A power distribution company in India, serving domestic, commercial, industrial and agricultural users, was not meeting the country’s performance standard regulations for metering and billing. A Six Sigma project was initiated to reduce cycle time.
By Dibyajyoti Bandyopadhyay
A power distribution company in India, catering to the needs of domestic, commercial, industrial and agricultural users, was not meeting the country’s Electricity Regulatory Commission performance standard regulations for metering and billing. Those standards require the company to provide new power connections within 30 days from the date an application is received. In each case that the company was unable to meet the standard, it was required to pay a penalty for the delayed connection. This translated into an annual cost of 1,980,000 Rupees (US$46,000). A Six Sigma DMAIC project was initiated to reduce cycle time. This is the case study of that project.
Improvement Opportunity: The Define/Measure Phases
The project scope was limited to the process of providing new power connections to users up to a 100kw load in approved and electrified areas where the power supply network exists. The defect was defined as any new power connection that required more than 30 days to complete. Data collected for a five-month period showed an increasing trend in the number of defects with an average of 330 per month (Figure 1). Completion of the data collection plan yielded the information reflected in Table 1.
|Figure 1: Monthly Status of Pending Connections|
After Stipulated 30-Day Time Limit
Table 1: Summary Statistics of Collected Data
The project targeted benefits included cost savings associated with the amount paid in penalties, local conveyance expenditures, employee costs, and document handling as well as an increase in customer satisfaction.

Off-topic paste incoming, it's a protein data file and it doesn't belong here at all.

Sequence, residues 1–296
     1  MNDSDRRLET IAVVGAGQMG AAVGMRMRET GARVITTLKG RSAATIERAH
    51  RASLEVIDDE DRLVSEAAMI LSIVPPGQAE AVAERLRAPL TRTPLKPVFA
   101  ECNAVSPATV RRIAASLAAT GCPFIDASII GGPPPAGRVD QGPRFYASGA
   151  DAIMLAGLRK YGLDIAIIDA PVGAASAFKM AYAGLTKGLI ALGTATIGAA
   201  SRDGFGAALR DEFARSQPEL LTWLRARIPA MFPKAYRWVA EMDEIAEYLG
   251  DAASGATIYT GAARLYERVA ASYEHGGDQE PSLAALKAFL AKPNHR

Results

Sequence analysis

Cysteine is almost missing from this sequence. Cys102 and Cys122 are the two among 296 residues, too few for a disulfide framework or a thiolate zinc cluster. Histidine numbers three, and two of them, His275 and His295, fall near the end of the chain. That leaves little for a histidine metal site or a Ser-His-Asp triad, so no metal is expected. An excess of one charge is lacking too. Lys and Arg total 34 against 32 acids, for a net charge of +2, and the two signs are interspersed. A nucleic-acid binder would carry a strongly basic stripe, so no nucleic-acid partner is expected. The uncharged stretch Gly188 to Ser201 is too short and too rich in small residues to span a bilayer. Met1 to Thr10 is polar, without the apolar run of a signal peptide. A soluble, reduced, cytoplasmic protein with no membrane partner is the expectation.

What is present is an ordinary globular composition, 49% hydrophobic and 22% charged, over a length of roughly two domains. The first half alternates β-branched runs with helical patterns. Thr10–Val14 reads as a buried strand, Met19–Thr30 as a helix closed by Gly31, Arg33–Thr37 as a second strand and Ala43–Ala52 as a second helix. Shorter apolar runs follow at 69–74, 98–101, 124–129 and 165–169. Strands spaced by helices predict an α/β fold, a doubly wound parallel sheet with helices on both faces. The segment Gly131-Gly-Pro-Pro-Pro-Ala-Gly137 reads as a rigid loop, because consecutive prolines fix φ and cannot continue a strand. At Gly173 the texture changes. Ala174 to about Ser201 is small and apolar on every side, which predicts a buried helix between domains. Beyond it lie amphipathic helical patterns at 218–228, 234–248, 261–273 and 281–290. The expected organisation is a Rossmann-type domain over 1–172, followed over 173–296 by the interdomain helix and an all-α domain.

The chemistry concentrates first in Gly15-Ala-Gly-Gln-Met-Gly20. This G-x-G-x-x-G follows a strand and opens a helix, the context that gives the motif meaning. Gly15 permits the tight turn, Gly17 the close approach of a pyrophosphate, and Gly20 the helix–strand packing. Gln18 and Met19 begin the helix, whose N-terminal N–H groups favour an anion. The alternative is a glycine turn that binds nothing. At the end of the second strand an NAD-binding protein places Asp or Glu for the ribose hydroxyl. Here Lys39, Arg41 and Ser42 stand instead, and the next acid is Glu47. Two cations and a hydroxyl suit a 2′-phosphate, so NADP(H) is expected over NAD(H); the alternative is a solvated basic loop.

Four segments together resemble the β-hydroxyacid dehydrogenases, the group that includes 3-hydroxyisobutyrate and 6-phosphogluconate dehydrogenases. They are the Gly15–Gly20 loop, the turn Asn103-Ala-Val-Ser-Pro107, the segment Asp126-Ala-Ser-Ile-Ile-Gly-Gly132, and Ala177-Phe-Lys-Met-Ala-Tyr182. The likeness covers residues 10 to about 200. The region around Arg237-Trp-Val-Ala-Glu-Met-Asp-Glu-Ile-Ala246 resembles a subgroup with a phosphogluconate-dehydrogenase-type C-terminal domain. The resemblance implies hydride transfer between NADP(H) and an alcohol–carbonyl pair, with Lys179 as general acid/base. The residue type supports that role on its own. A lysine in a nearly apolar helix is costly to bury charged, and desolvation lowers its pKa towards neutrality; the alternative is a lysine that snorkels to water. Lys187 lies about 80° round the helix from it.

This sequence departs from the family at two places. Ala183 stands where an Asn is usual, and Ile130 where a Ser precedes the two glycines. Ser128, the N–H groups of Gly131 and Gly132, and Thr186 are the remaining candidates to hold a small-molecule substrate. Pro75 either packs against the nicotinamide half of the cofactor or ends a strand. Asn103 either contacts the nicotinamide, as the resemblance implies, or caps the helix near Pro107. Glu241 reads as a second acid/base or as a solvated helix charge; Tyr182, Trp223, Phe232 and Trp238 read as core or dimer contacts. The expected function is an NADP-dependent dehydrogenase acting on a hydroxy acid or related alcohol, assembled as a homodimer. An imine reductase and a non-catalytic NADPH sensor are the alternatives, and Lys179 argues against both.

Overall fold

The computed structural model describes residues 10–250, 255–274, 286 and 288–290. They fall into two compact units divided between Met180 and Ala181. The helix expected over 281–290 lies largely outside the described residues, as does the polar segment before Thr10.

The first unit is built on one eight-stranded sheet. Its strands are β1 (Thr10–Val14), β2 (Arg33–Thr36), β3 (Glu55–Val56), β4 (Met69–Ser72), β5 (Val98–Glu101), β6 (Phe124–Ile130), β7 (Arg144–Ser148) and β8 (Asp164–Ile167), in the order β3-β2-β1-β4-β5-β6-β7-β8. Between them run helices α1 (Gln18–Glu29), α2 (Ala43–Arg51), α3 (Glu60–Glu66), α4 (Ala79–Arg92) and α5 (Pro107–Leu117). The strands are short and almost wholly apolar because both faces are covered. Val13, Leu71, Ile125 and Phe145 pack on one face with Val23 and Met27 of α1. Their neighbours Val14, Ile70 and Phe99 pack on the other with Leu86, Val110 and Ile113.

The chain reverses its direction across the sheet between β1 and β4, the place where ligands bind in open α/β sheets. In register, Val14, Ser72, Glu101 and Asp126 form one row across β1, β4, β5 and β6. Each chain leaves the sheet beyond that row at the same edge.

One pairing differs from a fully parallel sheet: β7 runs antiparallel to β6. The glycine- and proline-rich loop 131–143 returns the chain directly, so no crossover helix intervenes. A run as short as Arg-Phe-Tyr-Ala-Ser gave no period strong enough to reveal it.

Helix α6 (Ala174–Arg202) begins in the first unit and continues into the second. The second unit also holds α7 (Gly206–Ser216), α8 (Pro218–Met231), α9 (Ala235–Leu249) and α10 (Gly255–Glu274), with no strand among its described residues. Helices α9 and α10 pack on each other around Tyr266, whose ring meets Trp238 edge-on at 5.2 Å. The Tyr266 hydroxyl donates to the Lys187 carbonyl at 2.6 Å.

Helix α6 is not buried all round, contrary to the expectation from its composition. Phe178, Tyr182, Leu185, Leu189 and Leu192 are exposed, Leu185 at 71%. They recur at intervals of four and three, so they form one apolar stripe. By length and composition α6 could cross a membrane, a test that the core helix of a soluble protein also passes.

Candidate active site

Analysis and Interpretation: The Analyze Phase
A cross-functional team was formed to prepare a process map with each activity identified by one of three categories – real value-added, business value-added, non-value-added – based on the following criteria:
Real value-added included essential activities that transform inputs into outputs that are necessary to meet customer requirements and have perceived value to the customer.
Business value-added included activities that are installed by management and deemed necessary to support, control, and monitor internal business functions but have little or no perceived value to the customer.
Non-value-added included nonessential and non-processing activities that do not contribute to customer satisfaction or improved business operations.
The results of the analysis showed that only 19 percent of the process activities are real value-added. From a time study carried out to estimate the standard man-minutes required for performing each process activity, it was determined that the process required a maximum time of 8.2 hours. Real value-added activities comprised only 25 percent of the overall processing time (Table 2) indicating that in some stage of the process, significant breakdowns were occurring.
Table 2: Analysis of Various Activity Categories
Sub-Cycle Time-I (SCT-I)
Time between date of receipt of application and date of demand note preparation
Sub-Cycle Time-II (SCT-II)
Time between date of demand note preparation and date of printing of demand note
Sub-Cycle Time-III (SCT-III)